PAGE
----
When System 3 released International Karate in 1986, it suspiciously looked like The Way of the Exploding Fist. We pulled all the sprites out of their game to have a look. They all matched the sprite animations from Fist with minor art tweaks to make them look a little different. They sure were close enough in all regards to make us think that they had ripped off our game! We contacted them about this but it simply wasn't worth the amount of money and effort required to make a solid legal case against them. We at least made a formal complaint. It really was very suspicious.

There is a very funny story about how Andrew Pavlumanolakos got his job with Melbourne House. This is how I was told it went down:

Andrew was an engineering student who wanted some part time programming work so he answered a newspaper ad looking for C64 programmers. He rolled up to the interview with Melbourne House owner Fred Milgrom (who was also a very capable programmer) with the C64 technical manual under his arm. He sat down in front of Fred who proceeded to ask him questions about programming and the C64. From time to time, Andrew would open the manual, read for a minute, and then answer the question.

Fred: "You don't seem to be so familiar with the C64." Andrew: "No, I'm not, just what I read on the train ride on my way to the interview." Fred: "Well, why should I hire you to program the C64?" Andrew: "Well, it seems pretty straight forward to me. Just tell me what you would like me to program and I will go home and do it for you."

This was when most C64 owners couldn't afford the expensive 1541 disk drive and were using the datasette to load games. Anyone that is familiar with cassette loads know a full game took about 15 minutes to load. Fred wanted a custom fast loader for cassette games and asked Andrew to look into doing that. The next morning Andrew walked back into the office and gave Fred the first version of Pavloda, which loaded games off cassette at a similar speed to the disk drive. Pavloda was used on all Melbourne House cassette games after that and was also licensed out to many other C64 developers. Of course Andrew got the job!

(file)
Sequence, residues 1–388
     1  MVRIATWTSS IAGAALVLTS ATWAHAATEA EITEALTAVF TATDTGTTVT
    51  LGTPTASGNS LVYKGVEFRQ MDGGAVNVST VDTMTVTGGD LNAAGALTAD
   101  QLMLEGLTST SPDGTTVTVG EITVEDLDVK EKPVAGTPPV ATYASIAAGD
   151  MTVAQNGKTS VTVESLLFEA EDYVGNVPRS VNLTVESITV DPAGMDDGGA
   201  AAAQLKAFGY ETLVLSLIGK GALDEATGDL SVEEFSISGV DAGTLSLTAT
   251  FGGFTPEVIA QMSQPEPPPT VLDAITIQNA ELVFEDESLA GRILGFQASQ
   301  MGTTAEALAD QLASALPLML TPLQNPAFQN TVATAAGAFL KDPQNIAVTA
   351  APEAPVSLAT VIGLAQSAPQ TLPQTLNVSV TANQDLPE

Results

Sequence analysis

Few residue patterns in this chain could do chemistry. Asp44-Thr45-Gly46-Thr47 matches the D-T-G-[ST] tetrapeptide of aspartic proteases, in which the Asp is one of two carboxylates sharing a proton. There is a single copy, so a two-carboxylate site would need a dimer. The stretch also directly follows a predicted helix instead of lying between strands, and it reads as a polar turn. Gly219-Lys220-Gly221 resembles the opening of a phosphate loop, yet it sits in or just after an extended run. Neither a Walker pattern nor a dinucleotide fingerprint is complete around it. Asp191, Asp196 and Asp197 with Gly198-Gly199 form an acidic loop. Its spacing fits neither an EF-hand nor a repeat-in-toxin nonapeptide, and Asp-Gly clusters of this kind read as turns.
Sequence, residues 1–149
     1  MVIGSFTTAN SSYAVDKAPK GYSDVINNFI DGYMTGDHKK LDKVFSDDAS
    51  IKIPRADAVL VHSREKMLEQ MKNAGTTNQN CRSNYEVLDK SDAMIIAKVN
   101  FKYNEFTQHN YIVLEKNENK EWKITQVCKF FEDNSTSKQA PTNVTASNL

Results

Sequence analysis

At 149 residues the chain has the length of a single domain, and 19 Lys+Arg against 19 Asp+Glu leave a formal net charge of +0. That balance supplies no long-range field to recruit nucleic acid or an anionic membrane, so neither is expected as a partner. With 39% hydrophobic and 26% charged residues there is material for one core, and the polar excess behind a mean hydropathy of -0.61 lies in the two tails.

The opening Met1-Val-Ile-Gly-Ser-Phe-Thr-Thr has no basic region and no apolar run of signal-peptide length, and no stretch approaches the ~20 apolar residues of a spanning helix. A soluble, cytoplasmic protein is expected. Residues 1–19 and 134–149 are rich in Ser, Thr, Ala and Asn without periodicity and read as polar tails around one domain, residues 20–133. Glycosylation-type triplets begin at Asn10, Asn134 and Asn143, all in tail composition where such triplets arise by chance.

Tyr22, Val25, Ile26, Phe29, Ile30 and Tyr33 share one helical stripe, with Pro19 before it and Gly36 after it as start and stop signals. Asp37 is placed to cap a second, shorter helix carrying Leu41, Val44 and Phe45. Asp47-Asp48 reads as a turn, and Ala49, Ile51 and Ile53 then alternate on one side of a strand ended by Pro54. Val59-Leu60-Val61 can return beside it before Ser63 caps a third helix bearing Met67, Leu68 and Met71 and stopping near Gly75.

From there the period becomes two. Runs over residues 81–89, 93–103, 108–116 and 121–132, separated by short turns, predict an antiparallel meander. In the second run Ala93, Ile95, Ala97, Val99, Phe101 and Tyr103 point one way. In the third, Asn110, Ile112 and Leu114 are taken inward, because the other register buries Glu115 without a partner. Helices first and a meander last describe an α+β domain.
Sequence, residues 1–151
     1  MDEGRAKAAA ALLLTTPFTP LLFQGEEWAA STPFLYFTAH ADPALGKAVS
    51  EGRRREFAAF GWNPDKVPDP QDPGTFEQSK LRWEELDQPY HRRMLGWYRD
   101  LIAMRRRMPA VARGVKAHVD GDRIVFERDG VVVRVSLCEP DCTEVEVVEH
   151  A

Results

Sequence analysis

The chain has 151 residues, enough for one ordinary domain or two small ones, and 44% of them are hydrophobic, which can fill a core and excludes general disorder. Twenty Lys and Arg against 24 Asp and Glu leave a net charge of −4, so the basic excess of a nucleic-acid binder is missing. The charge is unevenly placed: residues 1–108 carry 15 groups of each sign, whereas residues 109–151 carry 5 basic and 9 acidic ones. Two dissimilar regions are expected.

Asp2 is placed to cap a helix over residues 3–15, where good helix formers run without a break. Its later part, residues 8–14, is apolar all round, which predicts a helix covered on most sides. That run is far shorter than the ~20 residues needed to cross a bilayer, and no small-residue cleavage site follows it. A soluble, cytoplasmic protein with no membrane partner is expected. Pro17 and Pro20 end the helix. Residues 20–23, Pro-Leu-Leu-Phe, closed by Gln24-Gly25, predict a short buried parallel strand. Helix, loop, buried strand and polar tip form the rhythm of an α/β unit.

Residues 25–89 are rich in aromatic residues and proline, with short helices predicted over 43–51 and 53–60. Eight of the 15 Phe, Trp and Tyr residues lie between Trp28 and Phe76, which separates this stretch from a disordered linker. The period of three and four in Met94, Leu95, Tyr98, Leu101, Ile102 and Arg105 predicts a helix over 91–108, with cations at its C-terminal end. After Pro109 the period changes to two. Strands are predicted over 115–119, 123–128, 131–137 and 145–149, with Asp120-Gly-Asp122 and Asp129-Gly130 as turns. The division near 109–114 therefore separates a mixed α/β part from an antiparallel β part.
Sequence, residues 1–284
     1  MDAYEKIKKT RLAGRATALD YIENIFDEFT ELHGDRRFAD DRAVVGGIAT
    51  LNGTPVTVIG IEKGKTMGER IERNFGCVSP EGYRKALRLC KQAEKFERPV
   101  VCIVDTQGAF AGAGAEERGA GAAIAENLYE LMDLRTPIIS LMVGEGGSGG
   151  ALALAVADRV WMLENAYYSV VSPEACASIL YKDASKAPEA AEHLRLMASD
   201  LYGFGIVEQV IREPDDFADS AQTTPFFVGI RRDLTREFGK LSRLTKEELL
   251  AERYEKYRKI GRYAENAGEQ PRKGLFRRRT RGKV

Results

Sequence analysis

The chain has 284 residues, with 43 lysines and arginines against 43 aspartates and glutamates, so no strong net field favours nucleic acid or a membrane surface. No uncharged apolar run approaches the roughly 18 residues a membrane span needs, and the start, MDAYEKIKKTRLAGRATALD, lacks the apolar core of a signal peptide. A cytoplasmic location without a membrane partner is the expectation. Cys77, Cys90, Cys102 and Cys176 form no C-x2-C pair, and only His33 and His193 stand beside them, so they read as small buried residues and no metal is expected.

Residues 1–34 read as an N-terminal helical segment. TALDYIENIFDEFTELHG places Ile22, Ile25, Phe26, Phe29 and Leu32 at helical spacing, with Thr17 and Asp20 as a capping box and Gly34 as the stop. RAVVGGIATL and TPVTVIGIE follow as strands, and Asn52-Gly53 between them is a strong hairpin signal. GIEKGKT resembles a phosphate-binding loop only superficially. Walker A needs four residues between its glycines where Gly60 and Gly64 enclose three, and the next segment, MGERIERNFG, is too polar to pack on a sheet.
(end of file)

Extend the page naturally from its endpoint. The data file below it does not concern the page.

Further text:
This reminds me of a cute little trick that some C64 owners knew about to cut the datasette load times down to half. When a C64 program was loaded from cassette, it was actually loaded twice and the second load was compared to the first to validate that it was a good load. So with a game that took 15 minutes to load, you could simply hit the run/stop key after seven and a half minutes and type 'run' and press return. The game was already in memory and would run without problems. Of course, fast loaders like Pavloda abandoned this approach.

We can't ignore the fact that there were other machines apart from the C64. Share with us the software and/or hardware you created on other systems.
The last game I did for Melbourne House was a conversion for Cinemaware of their game C64 Rocket Ranger for the NES. On completing that game, Cinemaware offered me a position working for them in Los Angeles. While Cinemaware has long gone, I still work with many people from that company at Mass Media in Los Angeles.

Other games I have worked on since Melbourne House include:

Amiga: TV Sports Baseball
PC: Bo Jackson Baseball
Super Nintendo: Cal Ripken Jr. Baseball
Super Nintendo: Sports Illustrated Championship Football & Baseball
Sega Genesis: Tecmo Super Hockey
PlayStation: Jimmy Johnson Football
PlayStation: Civilization II
Nintendo 64: Namco Museum 64
Game Boy Advanced: Pac-Man Collection
Game Boy Advanced: Namco Museum
GameCube: Namco Museum
PlayStation 2: Namco Museum
Xbox: Namco Museum
PlayStation 2: Metal Arms – Glitch in the System
Game Boy Advanced: Rock 'n Roll Racing
Game Boy Advanced: The Lost Vikings
PlayStation 2: Full Spectrum Warrior
PlayStation 2: Full Spectrum Warrior Ten Hammers
PlayStation 3: Stuntman Ignition
PlayStation 3: Saints Row 2
PlayStation 2: Marvel Super Hero Squad
PlayStation Portable: Marvel Super Hero Squad
PlayStation Home: Midway Carnival

What are you up to these days?
I'm currently converting True Crime Hong Kong (Xbox 360) to the PC. If you like 3D sandbox games, you will like this game.

Thank you for helping us preserve an important part of computer and gaming history! Do you have any last comments to leave a final impression on the audience? Feel free to send any greetings to anyone you know.
Andreas, thanks so much for all your work keeping the history of the C64 alive! It really is something all video gamers should be aware of. It really was a very special time for me. /Nigel Spencer, Synth Zone (